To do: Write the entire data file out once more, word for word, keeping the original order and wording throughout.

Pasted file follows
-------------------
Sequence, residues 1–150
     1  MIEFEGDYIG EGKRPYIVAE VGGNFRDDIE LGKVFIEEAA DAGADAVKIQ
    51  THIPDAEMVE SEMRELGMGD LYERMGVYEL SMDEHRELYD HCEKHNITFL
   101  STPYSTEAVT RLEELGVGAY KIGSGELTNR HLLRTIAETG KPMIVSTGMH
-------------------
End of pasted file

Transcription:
Sequence, residues 1–150
     1  MIEFEGDYIG EGKRPYIVAE VGGNFRDDIE LGKVFIEEAA DAGADAVKIQ
    51  THIPDAEMVE SEMRELGMGD LYERMGVYEL SMDEHRELYD HCEKHNITFL
   101  STPYSTEAVT RLEELGVGAY KIGSGELTNR HLLRTIAETG KPMIVSTGMH